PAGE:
Hawaii Fires Death Count Up To 93 And Rising, While Questions Are Asked About The Silence Of The Sirens.

Photo credit: Matthew Thayer/The Maui News. This photo of a burning house captures the intensity of last week's fire.
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The official death count for the fire that destroyed the town of Lahaina on the Hawaiian island of Maui has now risen to 93, and local officials have warned that the aftermath of the fire had left a “highly toxic” environment and that the water supply in the area may also be undrinkable due to contamination.

Hawaii governor Josh Green said at least 2,200 buildings were destroyed in the fire, nearly all of which were houses and apartment buildings, and that the total value of the damages could be something like $6 billion.

“It’s an impossible day,” Green told AP News on Saturday, as he toured Lahaina. “It will certainly be the worst natural disaster that Hawaii ever faced.” He said that the focus right now was on using cadaver dogs to identify as many of the dead as possible.

Because large numbers of people are classified as “missing” it may be impossible to ever get to an accurate tally of the number of deaths.

The Hawaii health department said people returning should wear respirator masks and goggles. Ash and dust from burned buildings could contain contaminants including asbestos, arsenic, and lead, the department said.

They also warned about ash pits. “Ash pits are holes full of hot ashes, created by burned trees and stumps. Falling into ash pits or landing in them with your hands or feet can cause serious burns.”

CNN has provided extensive coverage of the disaster and recently published the following information:

According to research from the National Fire Protection Association, the fire in Lahaina is the fifth deadliest in US history and the worst since the 1918 Cloquet fire in Minnesota. But officials warn the figure is expected to rise further still. “None of us really know the size of it yet,” Maui Police Chief John Pelletier said.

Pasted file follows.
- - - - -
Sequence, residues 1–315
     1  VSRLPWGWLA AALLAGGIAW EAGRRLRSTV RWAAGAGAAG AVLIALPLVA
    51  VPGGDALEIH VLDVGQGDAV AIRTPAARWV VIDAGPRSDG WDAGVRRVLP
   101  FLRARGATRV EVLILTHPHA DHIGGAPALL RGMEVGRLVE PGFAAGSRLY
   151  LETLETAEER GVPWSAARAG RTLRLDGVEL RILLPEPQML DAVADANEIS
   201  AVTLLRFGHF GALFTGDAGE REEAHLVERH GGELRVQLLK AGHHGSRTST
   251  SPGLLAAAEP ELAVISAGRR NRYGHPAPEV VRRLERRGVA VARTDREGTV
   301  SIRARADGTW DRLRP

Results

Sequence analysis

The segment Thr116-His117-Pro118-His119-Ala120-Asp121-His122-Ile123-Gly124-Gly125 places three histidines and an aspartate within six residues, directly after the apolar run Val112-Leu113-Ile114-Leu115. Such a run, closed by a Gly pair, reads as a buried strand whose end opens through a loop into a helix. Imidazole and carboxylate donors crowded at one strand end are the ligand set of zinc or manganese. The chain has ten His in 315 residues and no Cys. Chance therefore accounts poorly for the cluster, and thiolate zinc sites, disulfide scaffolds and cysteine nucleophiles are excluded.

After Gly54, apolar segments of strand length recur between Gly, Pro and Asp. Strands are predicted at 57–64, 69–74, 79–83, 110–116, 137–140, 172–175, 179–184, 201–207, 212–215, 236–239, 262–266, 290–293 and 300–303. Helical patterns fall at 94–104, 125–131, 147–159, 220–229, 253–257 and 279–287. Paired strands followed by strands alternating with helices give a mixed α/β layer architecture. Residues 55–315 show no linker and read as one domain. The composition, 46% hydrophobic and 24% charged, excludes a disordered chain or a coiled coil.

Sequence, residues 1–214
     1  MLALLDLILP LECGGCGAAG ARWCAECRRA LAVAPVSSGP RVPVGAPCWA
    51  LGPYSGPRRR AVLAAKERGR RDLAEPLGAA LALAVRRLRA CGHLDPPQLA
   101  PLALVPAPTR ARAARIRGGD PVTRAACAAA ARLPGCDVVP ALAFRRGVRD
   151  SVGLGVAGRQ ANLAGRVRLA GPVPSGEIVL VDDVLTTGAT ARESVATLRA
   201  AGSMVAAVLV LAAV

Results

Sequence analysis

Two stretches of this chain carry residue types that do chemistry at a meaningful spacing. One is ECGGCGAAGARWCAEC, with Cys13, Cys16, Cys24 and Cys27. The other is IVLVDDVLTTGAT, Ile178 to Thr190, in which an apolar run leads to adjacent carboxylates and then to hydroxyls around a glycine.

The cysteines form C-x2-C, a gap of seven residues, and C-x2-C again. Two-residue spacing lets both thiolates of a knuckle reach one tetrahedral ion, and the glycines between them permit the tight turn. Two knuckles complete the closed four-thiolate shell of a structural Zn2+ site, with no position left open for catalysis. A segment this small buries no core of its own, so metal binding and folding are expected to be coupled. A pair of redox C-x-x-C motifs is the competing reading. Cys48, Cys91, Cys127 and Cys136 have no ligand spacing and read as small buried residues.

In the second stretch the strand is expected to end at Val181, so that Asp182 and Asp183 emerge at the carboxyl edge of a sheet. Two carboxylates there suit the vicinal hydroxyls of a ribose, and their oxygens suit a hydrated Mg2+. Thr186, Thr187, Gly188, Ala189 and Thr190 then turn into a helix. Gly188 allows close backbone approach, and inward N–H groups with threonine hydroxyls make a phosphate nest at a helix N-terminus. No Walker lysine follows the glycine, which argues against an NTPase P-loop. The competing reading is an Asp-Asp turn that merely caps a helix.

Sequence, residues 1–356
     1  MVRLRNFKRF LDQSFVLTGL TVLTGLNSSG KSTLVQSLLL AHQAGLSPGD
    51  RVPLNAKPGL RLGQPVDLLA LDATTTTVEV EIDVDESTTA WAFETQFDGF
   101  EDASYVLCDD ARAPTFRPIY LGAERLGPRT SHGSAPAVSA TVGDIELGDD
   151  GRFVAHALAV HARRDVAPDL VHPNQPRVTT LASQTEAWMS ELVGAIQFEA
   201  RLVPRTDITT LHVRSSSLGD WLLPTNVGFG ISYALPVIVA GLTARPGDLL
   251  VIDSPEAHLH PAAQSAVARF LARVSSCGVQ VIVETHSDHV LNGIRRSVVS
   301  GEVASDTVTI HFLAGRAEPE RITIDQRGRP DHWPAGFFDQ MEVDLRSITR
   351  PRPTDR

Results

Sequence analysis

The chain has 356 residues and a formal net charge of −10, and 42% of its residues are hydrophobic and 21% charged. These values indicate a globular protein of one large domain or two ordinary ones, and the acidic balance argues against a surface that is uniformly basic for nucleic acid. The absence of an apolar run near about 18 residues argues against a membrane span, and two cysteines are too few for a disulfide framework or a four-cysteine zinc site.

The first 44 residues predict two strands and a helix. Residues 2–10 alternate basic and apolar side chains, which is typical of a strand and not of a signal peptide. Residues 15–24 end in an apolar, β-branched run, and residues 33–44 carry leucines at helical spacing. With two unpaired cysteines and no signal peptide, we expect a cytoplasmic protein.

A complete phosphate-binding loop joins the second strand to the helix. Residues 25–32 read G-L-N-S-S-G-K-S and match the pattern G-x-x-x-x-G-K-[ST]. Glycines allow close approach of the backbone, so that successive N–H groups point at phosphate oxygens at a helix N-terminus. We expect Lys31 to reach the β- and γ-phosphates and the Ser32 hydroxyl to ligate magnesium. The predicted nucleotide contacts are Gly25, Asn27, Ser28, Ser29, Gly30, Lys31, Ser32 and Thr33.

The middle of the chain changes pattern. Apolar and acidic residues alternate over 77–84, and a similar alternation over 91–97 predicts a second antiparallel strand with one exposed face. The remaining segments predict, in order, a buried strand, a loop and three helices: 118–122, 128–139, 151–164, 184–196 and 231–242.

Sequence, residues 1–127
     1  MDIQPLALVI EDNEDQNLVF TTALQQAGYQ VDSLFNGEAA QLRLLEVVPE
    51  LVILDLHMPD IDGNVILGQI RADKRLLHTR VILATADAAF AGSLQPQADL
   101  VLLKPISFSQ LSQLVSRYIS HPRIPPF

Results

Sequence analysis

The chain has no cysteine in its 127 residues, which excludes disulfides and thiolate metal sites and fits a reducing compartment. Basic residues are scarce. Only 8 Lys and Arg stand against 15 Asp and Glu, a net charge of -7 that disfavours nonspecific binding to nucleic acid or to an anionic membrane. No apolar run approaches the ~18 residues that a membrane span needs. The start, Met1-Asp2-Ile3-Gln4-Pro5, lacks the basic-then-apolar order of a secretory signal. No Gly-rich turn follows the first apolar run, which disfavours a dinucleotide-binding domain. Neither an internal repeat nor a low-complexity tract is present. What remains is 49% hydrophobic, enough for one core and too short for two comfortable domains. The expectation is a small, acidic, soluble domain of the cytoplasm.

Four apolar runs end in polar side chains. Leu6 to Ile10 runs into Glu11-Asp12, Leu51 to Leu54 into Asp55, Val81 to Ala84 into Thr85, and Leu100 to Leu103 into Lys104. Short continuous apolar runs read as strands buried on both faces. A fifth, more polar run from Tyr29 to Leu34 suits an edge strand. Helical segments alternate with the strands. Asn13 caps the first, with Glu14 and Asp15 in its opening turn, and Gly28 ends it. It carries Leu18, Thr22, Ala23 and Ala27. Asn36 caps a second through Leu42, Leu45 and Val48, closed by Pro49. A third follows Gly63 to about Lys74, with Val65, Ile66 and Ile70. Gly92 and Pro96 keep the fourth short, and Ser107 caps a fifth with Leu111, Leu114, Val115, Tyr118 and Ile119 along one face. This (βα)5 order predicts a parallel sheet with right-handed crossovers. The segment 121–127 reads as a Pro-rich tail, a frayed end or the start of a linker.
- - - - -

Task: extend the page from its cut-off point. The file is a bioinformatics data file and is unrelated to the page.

The fires have displaced thousands of people. A total of 1,418 people are at emergency evacuation shelters, according to Maui County officials. At least 1,000 rooms have been secured for support staff and those displaced by the Lahaina fires. Long-term housing solutions are being sought.

Hawaii Attorney General Anne Lopez will lead a comprehensive review of officials’ response to the catastrophic wildfires. “My Department is committed to understanding the decisions that were made before and during the wildfires and to sharing with the public the results of this review,” Lopez said in a statement.

In the hours before a wildfire engulfed the town of Lahaina, Maui County officials failed to activate sirens that would have warned the entire population of the approaching flames and instead relied on a series of sometimes confusing social media posts that reached a much smaller audience.

Power and cellular outages for residents further stymied communication efforts. Radio reports were scarce, some survivors reported, even as the blaze began to consume the town. Road blocks then forced fleeing drivers onto one narrow downtown street, creating a bottleneck that was quickly surrounded by flames on all sides.

But while the Lahaina fire was spreading, Maui County and Hawaii Emergency Management Agency officials were making other urgent announcements — including a Facebook post about additional evacuations near the Upcountry fire and an announcement that the acting governor had issued an emergency proclamation.

The fast-moving inferno, which started on Tuesday, spread from the brush outside of town and ravaged Lahaina. It was one of three major wildfires on Maui, all of them still burning, that were fuelled by dry conditions, a buildup of fuel, and 100 kilometres per hour (60 miles per hour) wind.

The precise moment the fire started and the immediate cause will probably never be identified.

Sources: The Guardian, CNN, Maui News, BBC, news agencies.



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